Missouri

(information last updated Fall 2017)

Collection of Information:

Ag-Gag Law:

“3. A person commits the offense of prohibited acts against animal research and production facilities if he or she: . . .

      (3) Obtains access to an animal facility by false pretenses for the purpose of performing acts not authorized by the facility;

     (4) Enters or otherwise interferes with an animal facility with the intent to destroy, alter, duplicate or obtain unauthorized possession of records, data, material, equipment, or animals; . . .

     (6) Enters or remains on an animal facility with the intent to commit an act prohibited by this section.”  Mo. Rev. Stat. § 578.405.

 

“Animal facility” is defined as “any facility engaging in . . . agricultural production or involving the use of animals, including any organization with a primary purpose of representing livestock production or processing, any organization with a primary purpose of promoting or marketing livestock or livestock products . . . and any organization with a primary purpose of representing any such person, organization, or institution.  The term shall include the owner, operator, and employees of any animal facility and the offices and vehicles of any such persons while engaged in duties related to the animal facility, and any premises where animals are located.”  Mo. Rev. Stat. § 578.405(2)(2).

Trespass Laws:

Criminal Liability for Trespass Despite Lack of Notice:

Yes.  Second degree criminal trespass does not require notice; it is “an offense of absolute liability.”  Mo. Rev. Stat. § 569.150.

Other Provisions:

“A person commits the crime of trespass in the first degree if he knowingly enters unlawfully or knowingly remains unlawfully in a building or inhabitable structure or upon real property or uses an unmanned aircraft over another person’s real property without that person’s consent.”  Mo. Rev. Stat. § 569.140.

 

“A person does not commit the offense of trespass in the first degree by entering or remaining upon real property unless the real property is fenced or otherwise enclosed in a manner designed to exclude intruders or as to which notice against trespass is given by: (1) Actual communication to the actor; or (2) Posting in a manner reasonably likely to come to the attention of intruders.”  Id.

 

See supra “Ag-Gag Law.”

Drone Laws:

Trespass by Drone Use:

See supra “Trespass Laws.”

 

Stalking Laws:

Criminal Law:

“A person commits the offense of stalking in the first degree if he or she purposely, through his or her course of conduct, disturbs or follows with the intent of disturbing another person” and “[m]akes a threat communicated with the intent to cause the person who is the target of the threat to reasonably fear for his or her safety, the safety of his or her family or household member, or the safety of domestic animals or livestock.”  Mo. Rev. Stat. § 565.225.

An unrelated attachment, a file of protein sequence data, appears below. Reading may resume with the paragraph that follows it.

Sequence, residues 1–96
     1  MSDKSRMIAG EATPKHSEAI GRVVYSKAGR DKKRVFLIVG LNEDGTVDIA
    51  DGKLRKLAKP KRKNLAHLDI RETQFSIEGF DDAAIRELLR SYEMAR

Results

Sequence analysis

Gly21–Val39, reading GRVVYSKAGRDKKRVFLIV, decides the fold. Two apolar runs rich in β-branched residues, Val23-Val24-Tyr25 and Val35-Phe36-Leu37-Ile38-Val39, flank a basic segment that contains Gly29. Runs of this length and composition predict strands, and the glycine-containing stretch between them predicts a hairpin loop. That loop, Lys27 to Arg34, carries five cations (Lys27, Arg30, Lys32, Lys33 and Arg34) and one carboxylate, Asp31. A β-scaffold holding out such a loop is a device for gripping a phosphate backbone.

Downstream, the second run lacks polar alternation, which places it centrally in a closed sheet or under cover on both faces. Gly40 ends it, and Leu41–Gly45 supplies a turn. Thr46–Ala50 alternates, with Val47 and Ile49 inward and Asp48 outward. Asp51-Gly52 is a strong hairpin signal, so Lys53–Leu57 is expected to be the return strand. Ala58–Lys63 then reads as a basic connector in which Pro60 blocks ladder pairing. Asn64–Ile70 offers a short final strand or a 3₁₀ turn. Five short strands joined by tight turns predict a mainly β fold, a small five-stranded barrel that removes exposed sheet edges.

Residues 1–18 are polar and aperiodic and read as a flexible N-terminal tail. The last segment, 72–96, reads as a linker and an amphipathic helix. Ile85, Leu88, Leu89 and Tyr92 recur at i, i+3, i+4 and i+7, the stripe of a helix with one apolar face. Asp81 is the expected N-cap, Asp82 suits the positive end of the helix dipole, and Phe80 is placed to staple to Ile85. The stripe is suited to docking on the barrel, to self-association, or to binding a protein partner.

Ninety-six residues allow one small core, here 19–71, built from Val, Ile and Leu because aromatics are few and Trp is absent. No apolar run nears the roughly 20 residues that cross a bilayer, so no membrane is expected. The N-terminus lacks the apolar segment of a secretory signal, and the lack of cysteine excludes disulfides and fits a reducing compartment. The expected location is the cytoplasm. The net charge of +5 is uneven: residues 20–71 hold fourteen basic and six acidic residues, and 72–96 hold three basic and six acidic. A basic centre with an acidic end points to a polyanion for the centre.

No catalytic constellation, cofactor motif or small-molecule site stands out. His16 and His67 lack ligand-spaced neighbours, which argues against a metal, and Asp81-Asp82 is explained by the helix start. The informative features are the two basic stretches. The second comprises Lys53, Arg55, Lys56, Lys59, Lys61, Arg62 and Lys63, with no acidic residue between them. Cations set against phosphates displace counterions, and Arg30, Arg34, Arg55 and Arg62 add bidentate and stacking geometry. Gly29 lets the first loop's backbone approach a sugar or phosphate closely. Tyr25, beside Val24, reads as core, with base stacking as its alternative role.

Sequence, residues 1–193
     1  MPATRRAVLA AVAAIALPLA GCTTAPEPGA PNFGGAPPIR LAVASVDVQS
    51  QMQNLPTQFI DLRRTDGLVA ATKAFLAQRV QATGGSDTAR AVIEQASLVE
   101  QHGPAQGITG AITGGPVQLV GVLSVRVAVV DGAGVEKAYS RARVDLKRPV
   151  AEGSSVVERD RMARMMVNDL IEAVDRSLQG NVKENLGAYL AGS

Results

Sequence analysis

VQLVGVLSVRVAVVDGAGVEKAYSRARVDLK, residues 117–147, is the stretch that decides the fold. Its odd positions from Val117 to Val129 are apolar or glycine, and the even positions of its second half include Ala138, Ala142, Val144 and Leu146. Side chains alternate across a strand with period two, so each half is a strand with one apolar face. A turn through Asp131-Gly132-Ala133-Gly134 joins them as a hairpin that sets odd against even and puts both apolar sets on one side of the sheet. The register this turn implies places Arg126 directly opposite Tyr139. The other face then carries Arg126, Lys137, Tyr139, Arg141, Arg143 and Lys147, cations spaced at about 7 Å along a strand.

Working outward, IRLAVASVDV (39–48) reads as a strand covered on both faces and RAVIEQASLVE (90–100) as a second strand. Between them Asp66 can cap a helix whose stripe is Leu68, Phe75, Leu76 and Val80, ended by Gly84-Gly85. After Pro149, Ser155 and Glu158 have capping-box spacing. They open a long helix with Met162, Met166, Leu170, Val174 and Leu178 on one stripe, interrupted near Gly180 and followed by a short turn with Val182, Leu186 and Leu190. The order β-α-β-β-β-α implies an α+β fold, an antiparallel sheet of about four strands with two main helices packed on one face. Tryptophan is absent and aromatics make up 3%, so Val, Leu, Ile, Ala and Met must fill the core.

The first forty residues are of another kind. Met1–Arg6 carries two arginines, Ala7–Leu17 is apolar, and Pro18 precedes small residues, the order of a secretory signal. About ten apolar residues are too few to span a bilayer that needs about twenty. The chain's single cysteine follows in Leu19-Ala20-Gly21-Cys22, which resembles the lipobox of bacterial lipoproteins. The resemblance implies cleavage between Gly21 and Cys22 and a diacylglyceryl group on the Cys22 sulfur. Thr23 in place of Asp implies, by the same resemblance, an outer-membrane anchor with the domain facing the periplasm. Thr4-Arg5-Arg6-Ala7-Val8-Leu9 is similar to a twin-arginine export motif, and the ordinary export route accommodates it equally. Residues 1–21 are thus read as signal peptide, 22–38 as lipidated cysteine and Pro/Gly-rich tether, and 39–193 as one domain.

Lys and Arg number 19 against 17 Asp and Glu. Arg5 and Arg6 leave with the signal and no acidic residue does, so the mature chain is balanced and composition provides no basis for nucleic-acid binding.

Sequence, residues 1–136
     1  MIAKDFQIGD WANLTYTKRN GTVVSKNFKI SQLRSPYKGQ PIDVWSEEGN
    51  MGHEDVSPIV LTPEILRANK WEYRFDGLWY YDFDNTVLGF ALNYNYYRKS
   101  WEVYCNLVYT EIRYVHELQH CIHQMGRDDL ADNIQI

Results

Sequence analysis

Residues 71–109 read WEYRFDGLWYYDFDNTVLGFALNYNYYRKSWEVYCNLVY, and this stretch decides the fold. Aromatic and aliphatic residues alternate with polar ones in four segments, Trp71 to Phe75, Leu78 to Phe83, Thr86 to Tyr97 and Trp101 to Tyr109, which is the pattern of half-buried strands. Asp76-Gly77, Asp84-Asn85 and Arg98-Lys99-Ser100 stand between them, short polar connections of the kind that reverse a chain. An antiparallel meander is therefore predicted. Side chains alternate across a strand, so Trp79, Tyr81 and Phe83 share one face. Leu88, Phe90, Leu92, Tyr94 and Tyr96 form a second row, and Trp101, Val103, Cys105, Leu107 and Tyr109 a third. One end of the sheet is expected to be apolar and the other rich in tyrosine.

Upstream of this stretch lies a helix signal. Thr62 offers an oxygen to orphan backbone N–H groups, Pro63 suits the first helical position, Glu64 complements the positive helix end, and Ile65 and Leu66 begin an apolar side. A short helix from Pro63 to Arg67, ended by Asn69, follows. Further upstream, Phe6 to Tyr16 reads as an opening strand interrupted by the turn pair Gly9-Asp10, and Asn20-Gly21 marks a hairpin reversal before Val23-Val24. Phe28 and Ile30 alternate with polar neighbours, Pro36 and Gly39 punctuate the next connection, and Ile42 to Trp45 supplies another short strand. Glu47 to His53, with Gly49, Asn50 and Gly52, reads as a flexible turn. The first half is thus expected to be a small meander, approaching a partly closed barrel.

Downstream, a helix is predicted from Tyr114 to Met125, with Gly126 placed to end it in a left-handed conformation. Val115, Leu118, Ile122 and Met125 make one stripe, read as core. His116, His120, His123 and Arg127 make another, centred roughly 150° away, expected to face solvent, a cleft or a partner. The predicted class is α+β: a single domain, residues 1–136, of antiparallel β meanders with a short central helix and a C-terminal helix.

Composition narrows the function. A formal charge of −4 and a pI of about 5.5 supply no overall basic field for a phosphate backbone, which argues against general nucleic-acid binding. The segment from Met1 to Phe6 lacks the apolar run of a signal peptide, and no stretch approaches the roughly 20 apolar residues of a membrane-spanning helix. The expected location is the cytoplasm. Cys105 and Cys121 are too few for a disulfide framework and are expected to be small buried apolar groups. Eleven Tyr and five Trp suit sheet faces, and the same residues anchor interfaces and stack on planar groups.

“A person commits the offense of stalking in the second degree if he or she purposely, through his or her course of conduct, disturbs, or follows with the intent to disturb another person.”  Mo. Ann. Stat. § 565.227.

Use of Information:

Although incomplete, our research has not found any provisions relating to the use of information collected by citizens in enforcement or administrative/legislative actions.

Evidentiary Standards:

Pleading a Claim:

Requires certification that “[t]he allegations and other factual contentions have evidentiary support or, if specifically so identified, are likely to have evidentiary support after a reasonable opportunity for further investigation or discovery.”  Mo. Sup. Ct. R. 55.03.

Authentication or Chain of Custody:

Missouri Statutes do not contain an equivalent general provision to FRE 901.  Different types of evidence have different requirements for authentication.  These requirements are enacted in Mo. Ann. Stat. § 490.680.  Generally, courts have held that “the authenticity of a document cannot be assumed, and what it purports to be must be established by proof.  Thus, before a writing can be admitted into evidence and considered by the trial court, its proponent must show that it is, in fact, what it is purported to be.”  Robin Farms, Inc. v. Bartholome, 989 S.W.2d 238, 252 (Mo. App. W.D.1999).

Expert Testimony:

“1. In any civil action, if scientific, technical or other specialized knowledge will assist the trier of fact to understand the evidence or to determine a fact in issue, a witness qualified as an expert by knowledge, skill, experience, training, or education may testify thereto in the form of an opinion or otherwise.

2. Testimony by such an expert witness in the form of an opinion or inference otherwise admissible is not objectionable because it embraces an ultimate issue to be decided by the trier of fact.

3. The facts or data in a particular case upon which an expert bases an opinion or inference may be those perceived by or made known to him at or before the hearing and must be of a type reasonably relied upon by experts in the field in forming opinions or inferences upon the subject and must be otherwise reasonably reliable.

4. If a reasonable foundation is laid, an expert may testify in terms of opinion or inference and give the reasons therefor without the use of hypothetical questions, unless the court believes the use of a hypothetical question will make the expert's opinion more understandable or of greater assistance to the jury due to the particular facts of the case.”  Mo. Rev. Stat. § 490.065.

Discussion

Please note that this discussion is not moderated by the Emmett Environmental Law & Policy Clinic.